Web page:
• Jim Plunkett

Bruce Hornsby..."Some things will never change"

I think the core issue here is treating WFH or remote working like it is the office. This is like comparing amazon in the late 90s to a bookstore. Yes, they both sold books - but if you judged amazon from the bookstore experience you were used to, you would have thought it was terrible because you couldn't have a bookstore experience. You would have missed the entire paradigm shift. This is the same situation now. There are lots of handy tips on how to implement effective remote working agreements (ours are here, but the first step is to change your thinking of what the work environment needs to be. A meeting is a very inefficient way to solve most problems and we know this because people complain about meetings all the time:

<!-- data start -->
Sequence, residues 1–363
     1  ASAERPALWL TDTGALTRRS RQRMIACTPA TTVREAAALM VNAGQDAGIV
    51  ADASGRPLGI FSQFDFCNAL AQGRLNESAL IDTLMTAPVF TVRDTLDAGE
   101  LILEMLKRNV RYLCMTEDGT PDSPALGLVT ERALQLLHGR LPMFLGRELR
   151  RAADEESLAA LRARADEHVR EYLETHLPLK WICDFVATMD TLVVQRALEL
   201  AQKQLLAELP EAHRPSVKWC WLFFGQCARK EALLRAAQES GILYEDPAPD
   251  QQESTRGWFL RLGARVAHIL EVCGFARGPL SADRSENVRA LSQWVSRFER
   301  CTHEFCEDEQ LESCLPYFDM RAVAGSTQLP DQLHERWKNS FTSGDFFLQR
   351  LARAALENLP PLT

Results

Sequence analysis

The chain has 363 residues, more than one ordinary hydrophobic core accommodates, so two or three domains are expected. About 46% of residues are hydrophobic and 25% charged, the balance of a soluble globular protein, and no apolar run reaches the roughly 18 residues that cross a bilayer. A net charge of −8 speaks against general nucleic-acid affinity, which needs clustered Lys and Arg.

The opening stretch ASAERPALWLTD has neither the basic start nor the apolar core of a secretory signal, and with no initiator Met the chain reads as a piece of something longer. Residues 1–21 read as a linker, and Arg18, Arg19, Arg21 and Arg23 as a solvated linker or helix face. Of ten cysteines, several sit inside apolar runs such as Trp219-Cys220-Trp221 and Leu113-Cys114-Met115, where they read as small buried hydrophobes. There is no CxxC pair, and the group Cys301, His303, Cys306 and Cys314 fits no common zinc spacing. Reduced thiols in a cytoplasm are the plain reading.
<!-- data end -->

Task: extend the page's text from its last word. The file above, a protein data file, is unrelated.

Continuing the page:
- people aren't focused

- extroverts/senior people force ideas through

- they are often badly run/managed

- people are unprepared

- hard to track next steps (meeting notes etc needed)

why recreate flawed approaches when you have the opportunity to improve effectiveness? remote working requires far fewer meetings as sharing information is easier BUT requires the person communicating to do more work i.e. better-structured communication vs a meeting to explain what you mean. You can do effective brainstorms and interactive sessions versus video calls, it is easier to manage next steps and agendas plus polling and side chats allow the quietest people to share their insights.

Managing remote teams requires more work and more structure but very little of it needs to be about control. Working agreements that the team supports are critical. Things like What tools and channels are we using for what purpose, where do we share information, how do we issue and track tasks, what must we stop doing, what is our etiquette on different channels etc.


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